Mech: 5-FU is converted to active metabolites: 5-FdUMP inhibits TS; 5-FdUTP incorporates into RNA & interferes with RNA function; prodrug ribosylated and phophosrylated into 5-FdUMP
Thera: Combination therapy for breast, colorectal, gastric, head and neck, cervical and pancreatic cancer; topically for basal cell carcinoma
Important SE's: Hand-foot syndrome (erythema, sensitivity of palms and soles), cardiac toxicity (acute chest pains)
Other SE's: Anorexia and nausea; mucosal ulcerations, stomatitis, diarrhea; thrombocytopenia and anemia
Misc: Leucovorin can potentiate effects of 5-FU; must be given IV (GI toxicity and rapid degradation + metabolism in gut and liver)


Cytarabine (AraC, Depocyt)

Class: Pyramidine analogs
Mech: Ara-C converted by deoxycytidine kinase to Ara-CMP --> Ara-CTP; terminates DNA synthesis as Ara-CTP
Thera: AML (most effective treatment), ALL and blast phase CML
Other SE's: Severe myelosuppression (leucopenia, thrombocytopenia, anemia), GI tract toxicity (ulceration, stomatitis, diarrhea)


Gemcitabine (dFdC, Gemzar)

Class: Pyramidine analogs
Mech: Converted to active metabolites: dFdCDP inhibits ribonucleotide reductase (lowers deoxyribonucleotide); dFdCTP incorporates into DNA, terminating DNA synthesis
Thera: Pancreatic cancer; effective against non-small cell lung cancer, ovarian, bladder, esophageal, and head and neck cancer
Other SE's: Myelosuppression (leucopenia, thrombocytopenia, anemia), flu-like
Misc: More effective against solid tumors than cytarabine



Class: Purine analogs (antimetabolites)
Mech: Prodrug metabolized by hypoxanthine-guanine phosphoribosyl transferase (HGPRT) to 6-thioinosinic acid (TIMP); TIMP inhibits first step of de novo purine base synthesis and the formation of AMP and xanthinylic acid from inosinic acid, reducing purine levels. As well, TIMP is converted to thio-guanine ribonucleotides, inhibiting DNA and RNA synthesis
Thera: Maintain remission in acute ALL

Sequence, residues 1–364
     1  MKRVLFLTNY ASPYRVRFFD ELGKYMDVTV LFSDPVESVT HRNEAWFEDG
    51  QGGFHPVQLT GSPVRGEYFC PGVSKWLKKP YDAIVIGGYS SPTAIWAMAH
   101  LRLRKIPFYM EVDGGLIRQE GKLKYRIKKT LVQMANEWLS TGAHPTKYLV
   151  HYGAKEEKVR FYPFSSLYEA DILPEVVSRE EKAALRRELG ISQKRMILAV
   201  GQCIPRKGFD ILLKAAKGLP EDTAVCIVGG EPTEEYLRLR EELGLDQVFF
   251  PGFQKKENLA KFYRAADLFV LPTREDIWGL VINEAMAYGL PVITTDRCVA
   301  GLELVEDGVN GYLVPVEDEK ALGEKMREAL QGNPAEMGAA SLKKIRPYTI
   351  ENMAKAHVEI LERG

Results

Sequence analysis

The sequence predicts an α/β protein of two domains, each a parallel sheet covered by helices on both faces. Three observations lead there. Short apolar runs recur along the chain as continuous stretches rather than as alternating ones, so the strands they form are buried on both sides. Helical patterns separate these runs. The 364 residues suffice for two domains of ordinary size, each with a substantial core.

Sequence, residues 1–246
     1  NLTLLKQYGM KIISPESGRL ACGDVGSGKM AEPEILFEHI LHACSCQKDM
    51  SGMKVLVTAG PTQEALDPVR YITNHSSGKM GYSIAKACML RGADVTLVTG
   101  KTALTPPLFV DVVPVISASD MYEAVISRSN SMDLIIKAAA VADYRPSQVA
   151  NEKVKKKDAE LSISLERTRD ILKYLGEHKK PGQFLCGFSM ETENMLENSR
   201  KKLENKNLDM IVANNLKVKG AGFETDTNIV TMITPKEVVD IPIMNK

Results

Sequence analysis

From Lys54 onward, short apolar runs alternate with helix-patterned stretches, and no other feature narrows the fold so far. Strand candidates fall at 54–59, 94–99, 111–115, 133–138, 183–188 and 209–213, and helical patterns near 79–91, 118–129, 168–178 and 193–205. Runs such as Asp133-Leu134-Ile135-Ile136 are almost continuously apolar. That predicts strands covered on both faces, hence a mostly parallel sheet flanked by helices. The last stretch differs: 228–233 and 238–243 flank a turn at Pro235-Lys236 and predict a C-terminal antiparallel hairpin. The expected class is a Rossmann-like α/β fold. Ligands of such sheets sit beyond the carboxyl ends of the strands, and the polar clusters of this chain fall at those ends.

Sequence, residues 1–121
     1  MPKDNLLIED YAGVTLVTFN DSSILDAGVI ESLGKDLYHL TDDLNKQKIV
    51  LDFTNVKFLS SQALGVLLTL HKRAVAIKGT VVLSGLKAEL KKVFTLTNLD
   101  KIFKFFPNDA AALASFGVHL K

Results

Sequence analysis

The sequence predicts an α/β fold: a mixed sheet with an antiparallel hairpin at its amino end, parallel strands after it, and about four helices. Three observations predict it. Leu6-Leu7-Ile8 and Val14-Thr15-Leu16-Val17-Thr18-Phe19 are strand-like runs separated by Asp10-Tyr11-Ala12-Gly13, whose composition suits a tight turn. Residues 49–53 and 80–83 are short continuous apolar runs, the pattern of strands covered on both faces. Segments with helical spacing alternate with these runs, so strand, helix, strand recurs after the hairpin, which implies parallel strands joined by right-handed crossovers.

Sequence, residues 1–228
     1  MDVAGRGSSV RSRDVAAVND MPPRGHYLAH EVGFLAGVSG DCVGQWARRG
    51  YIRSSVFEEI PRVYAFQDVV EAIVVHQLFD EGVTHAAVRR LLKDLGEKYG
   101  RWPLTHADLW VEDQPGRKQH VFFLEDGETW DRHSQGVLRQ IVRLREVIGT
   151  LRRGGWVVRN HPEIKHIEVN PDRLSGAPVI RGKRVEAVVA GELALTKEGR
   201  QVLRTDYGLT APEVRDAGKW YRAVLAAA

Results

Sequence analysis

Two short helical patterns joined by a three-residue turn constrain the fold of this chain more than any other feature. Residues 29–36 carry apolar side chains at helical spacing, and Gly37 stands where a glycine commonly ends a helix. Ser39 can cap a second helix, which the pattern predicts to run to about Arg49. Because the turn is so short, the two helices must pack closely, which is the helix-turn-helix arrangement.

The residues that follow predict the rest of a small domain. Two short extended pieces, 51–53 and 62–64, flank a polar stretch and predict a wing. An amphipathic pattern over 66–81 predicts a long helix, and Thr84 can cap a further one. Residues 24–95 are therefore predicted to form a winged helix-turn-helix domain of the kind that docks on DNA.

Important SE's: Hepatotoxicity in prolonged use
Other SE's: Bone marrow suppression
Misc: Drug interaction with allopurinol (for gout), which inhibits xanthine oxidase; decrease 6-MP dose to avoid drug accumulation and toxicities


What are the 5 combo therapies? What drugs do they consist of?

1. ABVD (Doxorubicin (adriamycin), bleomycin, vinblastine, dacarbazine)
2. CHOP (Cyclophosphamide, hydroxydoxorubicin, vincristine (oncovine), prednisone)
3. MOPP (Mechlorethamine, vincristine (oncovine), procarbazine, prednisone)
4. CMF: Cyclophosphamide, methotrexate, 5-fluorouracil
5. FEC: 5-fluorouracil, epirubicin, cyclophosphamide


How are alkylating agents toxic? How is there resistance to alkylating agents?

1. Bone marrow toxicity (thrombo, anemia, neutropenia)
2. Mucosal toxicity (oral mucosal ulceration, intestinal denudation
3. Nausea and vomiting
4. Toxic effects on repro
5. Increased risk of leukemia (e.g. procarbazine);
1. Decreased perm/uptake of drugs
2. Increased metabolism rates of activated to inactive species
3. Enhanced activity of DNA repair pathways
4. Increased production of glutathione (inactivates alkylating agents)


Mech of MTX resistance?

1. Reduced drug uptake
2. Increased DHFR production (gene amplification)
3. Decreased affinity of DHFR for MTX


Mech of 6-MP resistance?

1. Reduced conversion o6-MP to TIMP because of decreased HGPRT
2. Decreased drug transport